The paths to "Eureka" moments: Teaching Mathematics in Secondary Education

Posts tagged ‘Formative Assessment’

Zombie Apocalypse! Math games

Today I played a game I’ve re-named as Zombie Apocalypse!

I was inspired by this blog Math = Love who in turn found it on this blog: Out Rockin Constantly

My students loved the game! It helped them use some of their skills on evaluated expressions with exponents and develop new skills by seeing patterns and problem-solving. Everyone was involved as they did their own work on their personal whiteboard and the class quickly became a room of zombies with a few lone survivors.

The game was amazingly simple and can be adapted to any topic. Read the description by Nathan Kroft in Out Rockin Constantly for more details!

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O1- Standards Based Curriculum

O1- Offer an organized curriculum aligned to standards and outcomes.

Teacher-candidates align instruction to the learning standards and outcomes so all students know the learning targets and their progress toward meeting them. This means that I design curriculum based on the standards and use learning targets to anchor student expectations. In doing this, I encourage students to take ownership of their own learning reflect on their progress towards meeting those standards.

In the last month of student teaching, my algebra and 8th grade classes have been going through a year-end-review. In order to give students the opportunity to self-reflect on their own understanding of key topics in their respective curriculum, I designed the instruction to cover 1-2 standards each day with an exit or entry ticket specific to those standards. As the weeks progressed, students were given a chart in which they could label the topic/standard covered, record the graded exit ticket score, and then reflect upon their own level of confidence in that topic area. Finally, the chart has a column for action steps in which students can write down one way they will improve in this standard/topic area if necessary.

Two example exit tickets are can be found in the following links.

Algebra: Transformations Exit ticket          8th Grade: Exit ticket Rational and Squared Numbers

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The learning targets given during these review days were directly related to the standards. For example, in the exit ticket given for algebra students, the learning target was, “I will graph functions and describe them as transformations of the parent function.”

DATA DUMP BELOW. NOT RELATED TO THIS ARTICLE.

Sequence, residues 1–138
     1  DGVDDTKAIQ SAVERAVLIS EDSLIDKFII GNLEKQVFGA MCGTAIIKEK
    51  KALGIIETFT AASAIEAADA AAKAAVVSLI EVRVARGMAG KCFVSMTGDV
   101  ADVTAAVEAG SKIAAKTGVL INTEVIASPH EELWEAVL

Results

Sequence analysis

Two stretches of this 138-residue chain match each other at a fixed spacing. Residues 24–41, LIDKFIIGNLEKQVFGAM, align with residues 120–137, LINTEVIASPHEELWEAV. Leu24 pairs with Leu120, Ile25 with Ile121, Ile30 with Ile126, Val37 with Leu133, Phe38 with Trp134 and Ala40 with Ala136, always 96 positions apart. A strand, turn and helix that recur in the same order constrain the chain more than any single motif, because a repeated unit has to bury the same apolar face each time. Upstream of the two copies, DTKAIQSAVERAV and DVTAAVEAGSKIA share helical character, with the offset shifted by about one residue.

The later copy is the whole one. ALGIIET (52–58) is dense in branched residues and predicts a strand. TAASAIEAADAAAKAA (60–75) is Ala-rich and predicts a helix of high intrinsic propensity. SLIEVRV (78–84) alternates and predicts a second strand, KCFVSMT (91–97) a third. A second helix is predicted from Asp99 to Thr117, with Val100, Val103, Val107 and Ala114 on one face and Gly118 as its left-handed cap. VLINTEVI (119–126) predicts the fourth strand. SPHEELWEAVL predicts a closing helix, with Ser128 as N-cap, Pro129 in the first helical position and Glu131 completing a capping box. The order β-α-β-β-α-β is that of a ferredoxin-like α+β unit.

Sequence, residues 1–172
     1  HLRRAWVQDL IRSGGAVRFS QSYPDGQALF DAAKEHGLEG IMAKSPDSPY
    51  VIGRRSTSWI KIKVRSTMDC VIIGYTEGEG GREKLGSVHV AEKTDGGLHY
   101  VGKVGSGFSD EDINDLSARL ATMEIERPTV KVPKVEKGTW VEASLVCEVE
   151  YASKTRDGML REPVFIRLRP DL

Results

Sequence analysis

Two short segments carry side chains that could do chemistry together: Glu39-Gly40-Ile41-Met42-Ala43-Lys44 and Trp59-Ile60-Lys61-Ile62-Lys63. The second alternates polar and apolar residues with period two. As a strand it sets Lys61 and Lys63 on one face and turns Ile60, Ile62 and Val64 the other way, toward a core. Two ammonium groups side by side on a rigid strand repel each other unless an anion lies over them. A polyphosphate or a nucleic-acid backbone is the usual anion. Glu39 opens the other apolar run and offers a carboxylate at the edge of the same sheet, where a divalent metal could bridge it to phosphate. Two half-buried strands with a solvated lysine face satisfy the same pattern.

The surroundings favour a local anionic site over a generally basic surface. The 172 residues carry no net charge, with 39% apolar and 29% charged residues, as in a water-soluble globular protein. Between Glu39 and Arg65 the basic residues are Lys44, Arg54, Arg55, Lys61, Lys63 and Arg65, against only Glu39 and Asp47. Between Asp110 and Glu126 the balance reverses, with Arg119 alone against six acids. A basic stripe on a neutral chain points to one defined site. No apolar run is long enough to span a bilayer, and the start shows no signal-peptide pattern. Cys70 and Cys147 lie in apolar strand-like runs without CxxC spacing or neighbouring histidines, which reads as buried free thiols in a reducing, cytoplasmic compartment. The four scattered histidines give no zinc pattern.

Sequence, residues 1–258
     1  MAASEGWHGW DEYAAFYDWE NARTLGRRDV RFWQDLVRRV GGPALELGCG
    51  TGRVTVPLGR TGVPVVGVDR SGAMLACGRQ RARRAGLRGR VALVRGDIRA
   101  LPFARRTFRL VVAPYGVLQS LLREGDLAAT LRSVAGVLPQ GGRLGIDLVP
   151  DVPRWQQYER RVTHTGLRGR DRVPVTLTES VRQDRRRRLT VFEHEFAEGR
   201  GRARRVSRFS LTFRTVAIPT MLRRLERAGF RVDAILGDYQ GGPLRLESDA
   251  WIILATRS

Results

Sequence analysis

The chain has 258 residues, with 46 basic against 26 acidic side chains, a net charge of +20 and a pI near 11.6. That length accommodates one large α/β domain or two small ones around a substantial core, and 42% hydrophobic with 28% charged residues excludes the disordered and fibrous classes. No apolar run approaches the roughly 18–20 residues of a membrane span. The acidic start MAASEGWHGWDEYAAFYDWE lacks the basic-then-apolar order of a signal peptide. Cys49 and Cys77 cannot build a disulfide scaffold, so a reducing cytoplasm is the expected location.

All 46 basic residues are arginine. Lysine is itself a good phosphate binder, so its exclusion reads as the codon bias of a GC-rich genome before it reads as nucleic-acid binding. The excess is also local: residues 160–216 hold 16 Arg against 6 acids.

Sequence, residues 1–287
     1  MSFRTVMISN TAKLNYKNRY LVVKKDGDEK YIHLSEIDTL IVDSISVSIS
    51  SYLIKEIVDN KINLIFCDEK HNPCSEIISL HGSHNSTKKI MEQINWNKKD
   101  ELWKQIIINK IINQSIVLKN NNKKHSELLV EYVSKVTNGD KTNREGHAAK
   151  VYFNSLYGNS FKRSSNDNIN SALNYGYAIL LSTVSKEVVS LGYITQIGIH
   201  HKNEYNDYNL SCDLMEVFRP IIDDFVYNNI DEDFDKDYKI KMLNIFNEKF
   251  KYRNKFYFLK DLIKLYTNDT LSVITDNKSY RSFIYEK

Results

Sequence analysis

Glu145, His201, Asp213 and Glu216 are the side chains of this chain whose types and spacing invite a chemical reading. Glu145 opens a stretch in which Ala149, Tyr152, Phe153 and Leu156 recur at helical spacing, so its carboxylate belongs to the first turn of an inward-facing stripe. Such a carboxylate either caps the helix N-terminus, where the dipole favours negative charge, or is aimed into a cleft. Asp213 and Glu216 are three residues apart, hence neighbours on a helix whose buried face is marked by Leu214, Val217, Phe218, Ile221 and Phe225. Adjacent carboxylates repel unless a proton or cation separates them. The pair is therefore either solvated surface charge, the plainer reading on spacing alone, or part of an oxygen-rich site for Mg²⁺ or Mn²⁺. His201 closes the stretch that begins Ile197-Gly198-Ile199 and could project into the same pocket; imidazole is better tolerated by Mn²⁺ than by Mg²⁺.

The standards for this lesson were, “Graph polynomial functions, identifying zeros when suitable factorizations are available, and showing end behavior. Graph rational functions, identifying zeros and asymptotes when suitable factorizations are available, and showing end behavior.” Therefore, by asking the students to write the learning targets in their journals, complete the lesson activities, and then conclude the lesson with the exit ticket and chart, students were made aware of the standards and given the opportunity to reflect on their progress toward meeting them.

In creating this review strategy, I learned the power of encouraging students to take responsibility for their own learning and education. Students were able to get feedback on specific skills and competencies, reflect on how their scores relate to their confidence levels, and then take a course of action toward further progress.

In the future, I hope to implement this strategy as a typical review exercise and give students specific action steps to choose from so that they can grow in the areas they struggle in. In this way, I will give students further opportunity to be responsible for their learning and be less dependent on the teacher.

Student Choice! Stations Lesson

H1-Honor student diversity and development.

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Teacher-candidates plan and/or adapt learner centered curricula that engages students in a variety of culturally responsive, developmentally, and age appropriate strategies.

As a teacher, the content I teach must be accessible to all students of diverse learning profiles, readiness levels, and interests.

On the fifth day of our Algebra unit on functions, I decided to do a stations activity. The stations were designed to allow students to work on various ways of working with functions. The activity enabled students to choose the areas where they felt they needed additional practice.

Functions day 5

The stations were:

1)    Domain/Range: Worksheets with multiple ways of representing given information.

2)    Input/Output: Worksheets with many different functions and problems where students are asked to find either specific inputs or outputs.

3)    Graphing: Students are given several related functions (shifted along either the x or y-axis) and asked to graph them on different coordinate planes. (See graph paper)